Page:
declining to address an issue upon which allocatur was granted due to waiverSummary of this case from Commonwealth v. Bell
Submitted March 11, 1993.
Decided November 1, 1993.
Appeal from the Court of Common Pleas, Allegheny County, Criminal Division,
Patrick J. Thomassey (Court-appointed), Monroeville, for appellant.
Robert E. Colville, Dist. Atty., Claire C. Capristo, Deputy Dist. Atty., Kemal A. Mericli, Michael W. Streily, Asst. Dist. Attys., for appellee.
Before NIX, C.J., and FLAHERTY, ZAPPALA, PAPADAKOS, CAPPY and MONTEMURO, JJ.
OPINION OF THE COURT
We granted allocatur in this case to address the issue of whether the police had adequate reason to stop Appellant's vehicle based upon his avoidance of a systematic roadblock. However, because we find that Appellant waived this issue, we do not reach it. Nor do we find it appropriate for the Superior Court to have reached it. Accordingly, we reject the reasoning of the Superior Court and affirm only the result of its Order affirming the judgment of sentence. 412 Pa. Super. 100, 602 A.2d 1328.
This appeal arises from the events of July 1, 1988, at approximately 11:30 p.m. Pursuant to 75 Pa.C.S.A. § 6308(b), the Pennsylvania State Police had set up a systematic roadblock at the entrance to the Blair Heights Housing Project in Clairton. The officers were checking for vehicle registration, proof of insurance, and driver's license. Trooper Raymond Paul noticed a 1967 Pontiac convertible, driven by Appellant, pull up to the check area. According to Trooper Paul, the vehicle came to a sudden stop and then started to back up and pull away from the officers. The officers immediately pursued the car and stopped it.
The officers then approached and asked Appellant to step out of the car and produce his driver's license and registration. When Appellant got out of the car Trooper Paul saw a .357 magnum on the floor alongside the driver's seat. He ordered the passengers out of the car and recovered the gun, which he found to be fully loaded. He also found drug paraphernalia in the back seat. Appellant did not have a license to carry the gun. The officer arrested Appellant and transported him to the police station. After Appellant was taken to the station, police discovered eight packets of heroin and nine packets of cocaine in the patrol car behind the seat where Appellant had been sitting. Appellant was later charged with drug and firearms violations.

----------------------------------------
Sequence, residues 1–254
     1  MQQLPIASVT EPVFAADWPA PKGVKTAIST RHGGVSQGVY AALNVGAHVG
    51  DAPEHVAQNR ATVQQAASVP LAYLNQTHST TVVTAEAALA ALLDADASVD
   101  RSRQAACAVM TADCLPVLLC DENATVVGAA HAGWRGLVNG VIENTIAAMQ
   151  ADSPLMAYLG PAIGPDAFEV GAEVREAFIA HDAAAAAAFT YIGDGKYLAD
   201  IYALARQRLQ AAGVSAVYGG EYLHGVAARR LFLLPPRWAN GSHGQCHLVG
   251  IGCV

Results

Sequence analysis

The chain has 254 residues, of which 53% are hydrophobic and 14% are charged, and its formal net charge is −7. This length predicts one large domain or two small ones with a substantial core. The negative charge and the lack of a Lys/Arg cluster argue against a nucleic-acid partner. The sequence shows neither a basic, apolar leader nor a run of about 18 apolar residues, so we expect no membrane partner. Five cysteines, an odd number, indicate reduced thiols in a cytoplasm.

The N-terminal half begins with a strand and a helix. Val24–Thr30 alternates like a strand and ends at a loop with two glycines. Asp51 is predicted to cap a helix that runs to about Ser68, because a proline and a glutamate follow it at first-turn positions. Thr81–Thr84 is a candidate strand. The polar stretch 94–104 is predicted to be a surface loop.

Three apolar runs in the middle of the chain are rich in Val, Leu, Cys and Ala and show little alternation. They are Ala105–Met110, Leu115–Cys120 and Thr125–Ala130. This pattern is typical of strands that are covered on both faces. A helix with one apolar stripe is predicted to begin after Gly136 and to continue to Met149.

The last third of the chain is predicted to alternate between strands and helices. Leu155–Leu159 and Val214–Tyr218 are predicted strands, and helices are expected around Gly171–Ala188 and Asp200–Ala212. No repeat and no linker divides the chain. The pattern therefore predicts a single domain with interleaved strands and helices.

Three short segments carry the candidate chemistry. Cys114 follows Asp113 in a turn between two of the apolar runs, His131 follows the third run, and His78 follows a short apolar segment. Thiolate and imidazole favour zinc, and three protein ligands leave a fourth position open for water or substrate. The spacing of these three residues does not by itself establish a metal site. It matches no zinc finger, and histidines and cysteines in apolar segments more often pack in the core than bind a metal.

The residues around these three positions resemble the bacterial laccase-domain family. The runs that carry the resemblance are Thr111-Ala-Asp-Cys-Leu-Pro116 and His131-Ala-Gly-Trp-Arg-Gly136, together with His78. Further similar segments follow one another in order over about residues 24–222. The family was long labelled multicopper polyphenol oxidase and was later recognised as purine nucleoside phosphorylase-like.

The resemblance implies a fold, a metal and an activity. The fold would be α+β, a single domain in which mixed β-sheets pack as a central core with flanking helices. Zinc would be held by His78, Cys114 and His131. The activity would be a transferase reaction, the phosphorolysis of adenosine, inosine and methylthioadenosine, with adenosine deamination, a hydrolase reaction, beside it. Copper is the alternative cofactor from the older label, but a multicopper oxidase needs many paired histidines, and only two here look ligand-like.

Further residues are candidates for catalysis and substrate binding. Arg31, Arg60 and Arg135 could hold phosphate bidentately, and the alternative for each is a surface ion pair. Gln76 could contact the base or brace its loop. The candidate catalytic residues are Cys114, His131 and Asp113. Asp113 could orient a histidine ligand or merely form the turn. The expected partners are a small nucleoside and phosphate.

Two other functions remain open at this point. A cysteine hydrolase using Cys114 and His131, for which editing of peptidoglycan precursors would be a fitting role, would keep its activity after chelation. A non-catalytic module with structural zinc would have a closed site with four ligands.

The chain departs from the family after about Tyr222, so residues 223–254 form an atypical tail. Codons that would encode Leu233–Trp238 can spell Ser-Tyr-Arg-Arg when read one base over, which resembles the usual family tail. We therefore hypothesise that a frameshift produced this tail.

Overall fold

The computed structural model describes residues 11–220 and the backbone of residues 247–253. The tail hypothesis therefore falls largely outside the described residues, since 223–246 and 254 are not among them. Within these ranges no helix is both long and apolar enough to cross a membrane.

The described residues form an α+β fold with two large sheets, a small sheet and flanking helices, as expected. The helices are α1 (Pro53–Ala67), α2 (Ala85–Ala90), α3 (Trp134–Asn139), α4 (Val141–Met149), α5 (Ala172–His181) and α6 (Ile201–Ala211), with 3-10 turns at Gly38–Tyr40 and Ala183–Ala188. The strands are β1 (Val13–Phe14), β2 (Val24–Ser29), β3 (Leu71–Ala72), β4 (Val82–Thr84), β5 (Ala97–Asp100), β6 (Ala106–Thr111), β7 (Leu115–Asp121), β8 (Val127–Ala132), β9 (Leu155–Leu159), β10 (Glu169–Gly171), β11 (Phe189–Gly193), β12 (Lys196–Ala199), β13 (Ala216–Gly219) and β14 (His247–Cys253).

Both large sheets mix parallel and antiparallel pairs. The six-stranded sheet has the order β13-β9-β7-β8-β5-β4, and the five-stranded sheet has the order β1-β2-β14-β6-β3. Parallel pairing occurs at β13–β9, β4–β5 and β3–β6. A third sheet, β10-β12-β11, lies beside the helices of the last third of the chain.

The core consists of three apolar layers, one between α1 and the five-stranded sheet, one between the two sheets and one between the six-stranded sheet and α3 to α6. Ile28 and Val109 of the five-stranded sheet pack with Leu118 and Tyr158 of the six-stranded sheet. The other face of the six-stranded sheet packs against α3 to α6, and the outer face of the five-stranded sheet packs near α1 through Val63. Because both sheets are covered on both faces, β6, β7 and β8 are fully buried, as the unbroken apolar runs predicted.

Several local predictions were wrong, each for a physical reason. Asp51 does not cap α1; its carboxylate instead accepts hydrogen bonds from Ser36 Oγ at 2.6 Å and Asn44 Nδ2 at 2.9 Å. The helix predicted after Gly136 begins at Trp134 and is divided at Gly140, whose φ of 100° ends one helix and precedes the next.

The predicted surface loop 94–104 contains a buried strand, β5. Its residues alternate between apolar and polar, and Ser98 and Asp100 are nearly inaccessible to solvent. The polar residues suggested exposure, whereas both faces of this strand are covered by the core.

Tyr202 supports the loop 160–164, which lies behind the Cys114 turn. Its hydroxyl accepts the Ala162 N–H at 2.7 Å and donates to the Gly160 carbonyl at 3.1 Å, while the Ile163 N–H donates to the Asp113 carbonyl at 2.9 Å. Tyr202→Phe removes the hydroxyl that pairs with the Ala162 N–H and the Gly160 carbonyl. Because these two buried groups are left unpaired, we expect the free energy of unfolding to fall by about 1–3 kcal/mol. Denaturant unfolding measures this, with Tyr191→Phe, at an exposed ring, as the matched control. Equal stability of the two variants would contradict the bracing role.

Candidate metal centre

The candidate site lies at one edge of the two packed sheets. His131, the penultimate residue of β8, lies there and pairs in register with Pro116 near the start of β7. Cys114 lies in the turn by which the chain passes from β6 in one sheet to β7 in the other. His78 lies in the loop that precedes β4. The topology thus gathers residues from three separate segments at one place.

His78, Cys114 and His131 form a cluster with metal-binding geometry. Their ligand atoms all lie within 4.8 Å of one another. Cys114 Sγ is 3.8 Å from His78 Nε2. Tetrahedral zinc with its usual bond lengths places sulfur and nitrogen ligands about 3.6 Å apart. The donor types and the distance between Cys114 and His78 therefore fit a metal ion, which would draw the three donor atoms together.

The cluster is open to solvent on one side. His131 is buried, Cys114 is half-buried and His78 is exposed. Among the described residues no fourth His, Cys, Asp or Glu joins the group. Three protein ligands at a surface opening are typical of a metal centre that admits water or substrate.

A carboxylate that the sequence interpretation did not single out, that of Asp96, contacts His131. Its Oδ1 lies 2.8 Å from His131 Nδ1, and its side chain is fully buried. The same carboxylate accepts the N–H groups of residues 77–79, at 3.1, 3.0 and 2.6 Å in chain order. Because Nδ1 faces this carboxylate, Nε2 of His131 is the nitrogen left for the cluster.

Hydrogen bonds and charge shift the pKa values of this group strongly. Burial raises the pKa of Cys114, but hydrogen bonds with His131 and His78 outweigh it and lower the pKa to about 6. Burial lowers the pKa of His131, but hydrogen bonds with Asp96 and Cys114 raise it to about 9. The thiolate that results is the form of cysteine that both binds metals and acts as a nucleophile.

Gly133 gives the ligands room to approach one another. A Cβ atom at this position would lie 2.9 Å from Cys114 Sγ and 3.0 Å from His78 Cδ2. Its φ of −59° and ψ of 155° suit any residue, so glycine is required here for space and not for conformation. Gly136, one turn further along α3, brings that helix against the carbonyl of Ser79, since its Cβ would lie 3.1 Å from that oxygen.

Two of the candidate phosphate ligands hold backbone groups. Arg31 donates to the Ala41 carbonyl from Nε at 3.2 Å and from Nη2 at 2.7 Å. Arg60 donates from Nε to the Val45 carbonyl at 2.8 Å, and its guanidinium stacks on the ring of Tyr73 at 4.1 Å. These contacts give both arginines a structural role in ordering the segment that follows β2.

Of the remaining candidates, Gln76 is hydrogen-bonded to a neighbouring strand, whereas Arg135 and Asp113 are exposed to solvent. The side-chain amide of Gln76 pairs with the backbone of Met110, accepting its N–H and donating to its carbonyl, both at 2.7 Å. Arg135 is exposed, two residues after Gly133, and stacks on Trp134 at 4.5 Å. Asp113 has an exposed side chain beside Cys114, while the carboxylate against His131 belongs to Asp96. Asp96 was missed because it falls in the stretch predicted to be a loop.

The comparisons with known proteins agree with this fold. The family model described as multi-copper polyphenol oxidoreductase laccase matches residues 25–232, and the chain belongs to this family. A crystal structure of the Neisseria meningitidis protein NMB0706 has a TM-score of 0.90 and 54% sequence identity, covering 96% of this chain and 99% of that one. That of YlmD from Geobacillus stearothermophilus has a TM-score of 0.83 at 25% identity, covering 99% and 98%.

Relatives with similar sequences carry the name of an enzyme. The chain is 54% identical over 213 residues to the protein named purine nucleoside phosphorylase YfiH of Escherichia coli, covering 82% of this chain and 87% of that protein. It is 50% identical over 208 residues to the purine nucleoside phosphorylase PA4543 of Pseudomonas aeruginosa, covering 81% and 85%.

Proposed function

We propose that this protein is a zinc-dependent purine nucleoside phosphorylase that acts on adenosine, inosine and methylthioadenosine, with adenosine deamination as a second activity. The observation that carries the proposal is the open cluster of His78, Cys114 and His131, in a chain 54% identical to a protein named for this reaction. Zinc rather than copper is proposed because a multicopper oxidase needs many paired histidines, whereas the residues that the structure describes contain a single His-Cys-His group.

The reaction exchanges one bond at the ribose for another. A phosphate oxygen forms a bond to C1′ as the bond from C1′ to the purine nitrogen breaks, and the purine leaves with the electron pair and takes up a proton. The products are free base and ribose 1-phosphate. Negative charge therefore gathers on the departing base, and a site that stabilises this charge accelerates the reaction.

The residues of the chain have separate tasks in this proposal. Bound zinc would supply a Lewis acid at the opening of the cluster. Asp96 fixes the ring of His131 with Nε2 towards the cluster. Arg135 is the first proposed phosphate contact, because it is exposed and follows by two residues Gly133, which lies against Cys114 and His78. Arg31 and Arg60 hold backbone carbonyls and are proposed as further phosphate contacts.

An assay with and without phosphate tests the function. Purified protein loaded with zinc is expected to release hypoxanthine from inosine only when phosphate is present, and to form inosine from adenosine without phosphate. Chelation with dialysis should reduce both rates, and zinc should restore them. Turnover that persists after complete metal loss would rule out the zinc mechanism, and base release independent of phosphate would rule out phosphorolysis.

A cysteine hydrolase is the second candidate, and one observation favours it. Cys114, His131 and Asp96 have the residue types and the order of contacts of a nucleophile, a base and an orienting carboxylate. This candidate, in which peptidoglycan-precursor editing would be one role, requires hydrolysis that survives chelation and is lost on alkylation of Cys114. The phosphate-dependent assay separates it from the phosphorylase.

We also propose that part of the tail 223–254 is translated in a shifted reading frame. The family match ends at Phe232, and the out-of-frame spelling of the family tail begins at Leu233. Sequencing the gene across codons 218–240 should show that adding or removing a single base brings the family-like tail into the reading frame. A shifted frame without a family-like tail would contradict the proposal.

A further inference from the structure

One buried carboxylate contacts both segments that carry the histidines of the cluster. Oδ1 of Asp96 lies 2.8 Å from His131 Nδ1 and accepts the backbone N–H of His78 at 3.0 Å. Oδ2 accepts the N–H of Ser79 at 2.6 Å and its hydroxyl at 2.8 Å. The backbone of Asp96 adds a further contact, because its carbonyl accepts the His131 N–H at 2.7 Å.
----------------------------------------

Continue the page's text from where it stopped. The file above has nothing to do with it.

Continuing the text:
Appellant filed a pro se pre-trial motion to suppress, inter alia, evidence obtained during the search of his automobile, arguing that the evidence was obtained pursuant to an illegal search of his person. (R. 30-32.) Following a hearing at which Appellant was represented by counsel, the trial court denied the motion and found Appellant guilty on two misdemeanor counts of possession of a controlled substance, one misdemeanor count of carrying a firearm without a license, and one misdemeanor count of possessing a firearm illegally as a former convict. The court found Appellant not guilty on two felony counts of possession with intent to deliver. Appellant filed a pro se motion for a new trial and arrest of judgment, which was denied.
Appellant then appealed to the Superior Court, raising only the issue of whether his conduct in avoiding the roadblock had given rise to a reasonable suspicion that criminal activity was afoot or that he had committed a violation of the Vehicle Code. See Commonwealth v. Metz, 412 Pa. Super. 100, 104, 602 A.2d 1328, 1330 (1992). The Superior Court affirmed, with each member of the three-judge panel writing separately. Judges Popovich and Kelly wrote to affirm on the merits; Judge Wieand would have affirmed without reaching the merits, because he found that Appellant had waived the suppression issue by failing to raise it in a post-trial motion.
This Court granted leave to appeal in order to address the issue of whether Appellant's conduct in avoiding the roadblock gave the officers adequate reason to stop his vehicle. Upon further review of the record, however, we agree with the Commonwealth that the suppression issue was waived for Appellant's failure to raise it in a post-trial motion.
It is well-established that issues not raised in post-trial motions are not preserved for appellate review. See, e.g., Commonwealth v. Spiewak, 533 Pa. 1 n. 2, 617 A.2d 696, 697 n. 2 (1992); Commonwealth v. Mitchell, 525 Pa. 556, 583 A.2d 42 (1989) (per curiam); Commonwealth v. Gravely, 486 Pa. 194, 404 A.2d 1296, 1298 (1979). This rule applies even where the issue was properly presented in a pre-trial motion. See Commonwealth v. Riley, 462 Pa. 190, 192-193, 340 A.2d 427, 428 (1975).